Integrator A. The prevalence of Campylobacter-positive flocks in integrator A was 55·7% in the exposed and 34·0% in the nonexposed group (Table 2). However, the average age at sample collection was 4 days older in the exposed than in the nonexposed flocks. At partial depopulation 41% of the exposed flocks were Campylobacter-positive, whereas 26% of the nonexposed flocks were positive at final depopulation at that same age (34–40 days). Table 2 shows that the proportion of Campylobacter-positive flocks increased with age. Moreover, the proportion of Campylobacter-positive flocks was higher in autumn than in the other seasons (Table 3).
Table 2. Campylobacter colonization of the flocks of integrators A and B based on caecal samples
|A||34–52‡||Exposed||59 (55·7)||47 (44·3)||43·6||106|
|Nonexposed||249 (34·0)||484 (66·0)||39·6||733|
|34–40§||Exposed||44 (41·5)||62 (58·5)||36·9||106|
|Nonexposed||114 (26·1)||323 (3·9)||37·1||437|
|41–47§||Exposed||55 (56·1)||43 (43·9)||43·6||98|
|Nonexposed||127 (45·2)||154 (54·8)||43·2||281|
|B||44–53‡||Exposed||345 (44·9)||423 (55·1)||47·5||768|
|Nonexposed||58 (44·6)||72 (55·4)||47·4||130|
|45–50§||Exposed||319 (43·8)||409 (56·2)||47·7||728|
|Nonexposed||57 (45·6)||68 (54·4)||47·4||125|
Table 3. Proportion of Campylobacter colonized flocks per season for integrators A and B
Integrator B. The percentage of Campylobacter-positive flocks was 44·9% of the exposed and 44·6% of the nonexposed flocks (Table 2). The average age at final depopulation was almost the same in the exposed and the nonexposed flocks. Moreover, no increase of Campylobacter-positive flocks with age was observed. Most flocks were Campylobacter-positive in summer and autumn (Table 3).
Age at slaughter of the flocks varied substantially. Therefore, comparable age group were made to allow an adequate statistical analysis. Data of these subsets are shown in Table 2.
Integrator A. The multivariable analysis of flocks, slaughtered at 41–47 days of age, showed no significant association between partial depopulation and Campylobacter colonization [OR = 0·8, 95% confidence interval (CI) (0·4, 1·8)]. Moreover, the AIC indicated that the model with only age and season fitted the data better than the model that also included exposure. The OR for age was 1·7 (1·4, 2·0). Summer and autumn were associated with higher number of positive flocks compared with the first half year: OR = 2·0 [95% CI (1·1, 3·8)] and OR = 3·7 [95% CI (1·9, 7·3)] respectively.
Integrator B. Also in integrator B multivariable analysis of flocks, slaughtered at 45–50 days of age, did not show a significant association between partial depopulation and Campylobacter colonization [OR = 0·8, 95% CI (0·5, 1·3)]. Again, the model without exposure fitted the data better than the model that included exposure. The OR for age was 1·0 (0·9, 1·1). Moreover, Campylobacter colonization was significantly lower in spring than in the other seasons [OR = 0·6, 95% CI (0·4, 0·8)].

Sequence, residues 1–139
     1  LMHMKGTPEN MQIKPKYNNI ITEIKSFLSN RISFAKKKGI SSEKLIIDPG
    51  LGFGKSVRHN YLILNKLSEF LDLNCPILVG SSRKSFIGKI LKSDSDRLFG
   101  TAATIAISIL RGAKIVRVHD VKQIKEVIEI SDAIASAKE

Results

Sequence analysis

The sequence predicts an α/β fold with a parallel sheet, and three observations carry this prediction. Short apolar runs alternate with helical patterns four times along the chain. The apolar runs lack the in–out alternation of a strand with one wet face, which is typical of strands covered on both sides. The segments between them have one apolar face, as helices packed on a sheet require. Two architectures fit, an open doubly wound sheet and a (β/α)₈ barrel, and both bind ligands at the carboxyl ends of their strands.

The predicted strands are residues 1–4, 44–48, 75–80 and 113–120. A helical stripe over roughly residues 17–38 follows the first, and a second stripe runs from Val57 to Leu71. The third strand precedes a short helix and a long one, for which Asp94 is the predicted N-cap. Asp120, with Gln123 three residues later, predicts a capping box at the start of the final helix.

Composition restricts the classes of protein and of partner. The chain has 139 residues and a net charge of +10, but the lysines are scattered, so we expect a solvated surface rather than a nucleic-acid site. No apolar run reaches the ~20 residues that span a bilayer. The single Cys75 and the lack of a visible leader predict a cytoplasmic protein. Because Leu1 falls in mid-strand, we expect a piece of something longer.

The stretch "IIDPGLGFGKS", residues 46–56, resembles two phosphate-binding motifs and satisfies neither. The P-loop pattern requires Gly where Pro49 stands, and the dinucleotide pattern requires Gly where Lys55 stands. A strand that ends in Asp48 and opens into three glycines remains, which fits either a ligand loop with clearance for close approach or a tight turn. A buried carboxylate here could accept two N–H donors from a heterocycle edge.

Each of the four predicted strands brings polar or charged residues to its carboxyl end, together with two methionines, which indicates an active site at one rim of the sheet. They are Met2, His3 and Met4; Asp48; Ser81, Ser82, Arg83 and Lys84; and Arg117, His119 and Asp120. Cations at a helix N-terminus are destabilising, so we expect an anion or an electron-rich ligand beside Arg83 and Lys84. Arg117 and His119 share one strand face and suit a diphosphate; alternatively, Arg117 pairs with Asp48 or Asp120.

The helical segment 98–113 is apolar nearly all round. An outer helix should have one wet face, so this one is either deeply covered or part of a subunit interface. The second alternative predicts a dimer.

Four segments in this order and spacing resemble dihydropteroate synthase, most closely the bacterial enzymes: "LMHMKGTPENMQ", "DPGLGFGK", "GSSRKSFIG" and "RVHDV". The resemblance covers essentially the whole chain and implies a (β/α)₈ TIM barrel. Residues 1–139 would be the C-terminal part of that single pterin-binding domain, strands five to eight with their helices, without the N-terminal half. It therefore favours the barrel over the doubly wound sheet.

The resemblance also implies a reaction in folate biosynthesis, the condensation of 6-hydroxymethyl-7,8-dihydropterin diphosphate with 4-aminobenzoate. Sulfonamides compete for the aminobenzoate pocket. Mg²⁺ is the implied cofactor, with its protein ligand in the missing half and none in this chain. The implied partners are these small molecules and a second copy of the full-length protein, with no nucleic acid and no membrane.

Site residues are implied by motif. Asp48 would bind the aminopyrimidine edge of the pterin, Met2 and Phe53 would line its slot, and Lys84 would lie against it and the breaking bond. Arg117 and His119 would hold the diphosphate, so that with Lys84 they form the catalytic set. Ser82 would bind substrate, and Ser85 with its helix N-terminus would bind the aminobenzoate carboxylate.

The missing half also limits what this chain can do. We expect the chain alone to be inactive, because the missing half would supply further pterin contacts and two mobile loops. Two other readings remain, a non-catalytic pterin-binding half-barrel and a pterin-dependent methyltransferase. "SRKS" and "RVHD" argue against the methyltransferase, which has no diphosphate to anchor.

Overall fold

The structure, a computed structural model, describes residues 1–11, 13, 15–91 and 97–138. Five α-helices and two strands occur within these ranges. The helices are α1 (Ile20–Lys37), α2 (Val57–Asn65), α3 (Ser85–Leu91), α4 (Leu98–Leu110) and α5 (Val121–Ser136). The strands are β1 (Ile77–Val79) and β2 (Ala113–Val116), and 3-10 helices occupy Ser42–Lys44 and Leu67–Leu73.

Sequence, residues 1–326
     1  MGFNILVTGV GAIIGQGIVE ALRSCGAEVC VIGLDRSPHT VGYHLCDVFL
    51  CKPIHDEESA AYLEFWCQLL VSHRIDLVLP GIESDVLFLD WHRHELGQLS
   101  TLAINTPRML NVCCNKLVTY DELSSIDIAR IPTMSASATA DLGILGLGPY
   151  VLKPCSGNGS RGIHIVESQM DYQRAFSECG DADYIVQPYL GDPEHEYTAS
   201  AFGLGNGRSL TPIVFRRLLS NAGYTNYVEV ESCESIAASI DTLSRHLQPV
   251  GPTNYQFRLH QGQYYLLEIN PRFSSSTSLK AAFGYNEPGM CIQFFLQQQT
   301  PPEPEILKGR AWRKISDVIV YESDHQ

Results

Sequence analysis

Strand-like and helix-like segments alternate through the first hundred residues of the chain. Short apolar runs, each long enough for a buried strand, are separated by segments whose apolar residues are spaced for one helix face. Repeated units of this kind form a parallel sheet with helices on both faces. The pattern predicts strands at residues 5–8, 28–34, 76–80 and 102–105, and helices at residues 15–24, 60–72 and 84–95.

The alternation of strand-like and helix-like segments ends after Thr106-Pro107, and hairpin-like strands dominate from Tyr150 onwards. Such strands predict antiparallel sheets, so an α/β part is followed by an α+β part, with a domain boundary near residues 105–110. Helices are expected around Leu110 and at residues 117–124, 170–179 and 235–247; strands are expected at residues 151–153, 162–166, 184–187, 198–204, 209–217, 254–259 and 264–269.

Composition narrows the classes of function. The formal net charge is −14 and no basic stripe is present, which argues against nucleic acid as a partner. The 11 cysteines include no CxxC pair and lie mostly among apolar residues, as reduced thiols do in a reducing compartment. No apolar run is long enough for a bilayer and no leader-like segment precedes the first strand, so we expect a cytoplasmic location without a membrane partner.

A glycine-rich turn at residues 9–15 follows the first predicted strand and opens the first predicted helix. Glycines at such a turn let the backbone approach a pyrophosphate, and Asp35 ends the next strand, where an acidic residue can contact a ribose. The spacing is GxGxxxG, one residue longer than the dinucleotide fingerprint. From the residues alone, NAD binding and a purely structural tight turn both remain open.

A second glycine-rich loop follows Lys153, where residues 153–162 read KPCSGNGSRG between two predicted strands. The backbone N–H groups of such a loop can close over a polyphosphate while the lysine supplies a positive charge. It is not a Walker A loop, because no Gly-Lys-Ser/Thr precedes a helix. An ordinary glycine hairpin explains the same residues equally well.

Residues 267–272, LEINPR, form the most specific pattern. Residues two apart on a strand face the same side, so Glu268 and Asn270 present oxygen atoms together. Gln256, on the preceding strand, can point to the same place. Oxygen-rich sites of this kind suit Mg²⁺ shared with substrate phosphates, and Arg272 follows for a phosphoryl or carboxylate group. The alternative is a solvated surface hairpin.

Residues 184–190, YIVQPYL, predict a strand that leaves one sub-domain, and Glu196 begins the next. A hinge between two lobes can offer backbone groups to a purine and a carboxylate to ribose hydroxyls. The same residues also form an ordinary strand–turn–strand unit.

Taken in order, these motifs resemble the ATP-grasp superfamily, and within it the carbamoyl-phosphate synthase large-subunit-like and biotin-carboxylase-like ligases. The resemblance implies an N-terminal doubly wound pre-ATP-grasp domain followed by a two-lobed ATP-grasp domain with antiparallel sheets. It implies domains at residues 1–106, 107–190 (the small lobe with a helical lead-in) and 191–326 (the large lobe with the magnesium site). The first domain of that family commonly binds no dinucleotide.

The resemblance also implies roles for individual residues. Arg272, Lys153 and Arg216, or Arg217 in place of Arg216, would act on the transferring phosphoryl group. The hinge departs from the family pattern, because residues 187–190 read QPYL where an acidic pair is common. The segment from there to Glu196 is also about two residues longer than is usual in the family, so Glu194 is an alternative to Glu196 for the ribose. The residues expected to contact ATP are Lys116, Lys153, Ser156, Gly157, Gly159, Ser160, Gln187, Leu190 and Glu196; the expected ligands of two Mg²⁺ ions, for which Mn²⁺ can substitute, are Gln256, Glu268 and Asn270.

In this study we did not find an association between partial depopulation and Campylobacter colonization of broiler flocks at final depopulation. However, in integrator A age and depopulation in summer or autumn were associated with an increased risk of Campylobacter colonization. In integrator B, depopulation in spring was associated with a decreased risk of Campylobacter colonization.
Our results are in conflict with earlier reports (Hald et al. 2000, 2001; Wedderkopp et al. 2000; Jacobs-Reitsma et al. 2001) that indicated partial depopulation as a risk factor for Campylobacter colonization. Although this difference could be partly due to different hygienic procedures of the catching crews, it is likely that confounding also played a role. The reason is that the studies mentioned above did not take age into account as a possible confounding variable. The results of integrator A demonstrate that the association between partial depopulation and Campylobacter colonization might disappear when age and season are taken into account. The explanation for age being a confounder is that the longer the birds are kept on farm the higher the chance of colonization of the broilers (Berndtson et al. 1996; Evans and Sayers 2000; Bouwknegt et al. 2004). As exposed flocks of integrator A were kept at the farm longer than the nonexposed flocks, partial depopulation was indirectly associated with increased risk of Campylobacter colonization. This explanation is further supported by the results obtained in integrator B, where final depopulation of the exposed and nonexposed flocks took place at approximately the same time and no difference in the prevalence of Campylobacter colonization was observed. Season was a confounder for both integrators, which is consistent with other findings on broiler flocks and in humans (Patrick et al. 2004; Louis et al. 2005). Until now, no explanation for this finding has been described.
Our findings show no evidence that partial depopulation itself increases the colonization of Campylobacter in broiler flocks, as the higher incidence in exposed flocks can be explained by the older age of the broilers at slaughter. However, this finding is subject to the assumption that the exposed and nonexposed flocks were comparable with respect to farm management and hygiene and Campylobacter colonization at the time of partial depopulation. We tested the first assumption by investigating the association between partial depopulation and Campylobacter colonization on farms that included exposed and nonexposed flocks. Analysis of this subset of the database also failed to find an association (data not shown), indicating no major influence of differences in management and hygiene. Moreover, the data in Table 2 suggest that the lack of association does not result from a low prevalence of Campylobacter colonization at the time of partial depopulation. However, definitive proof of the validity of these assumptions would require a field study in which partial depopulation is randomly allocated to flocks.
We have shown that routinely collected data can be of use for an analysis of the association between partial depopulation and Campylobacter-colonization of broiler flocks. Although the results of this study have limitations, our findings suggest that ending the practice of partial depopulation would not reduce the number of Campylobacter-colonized flocks at final depopulation.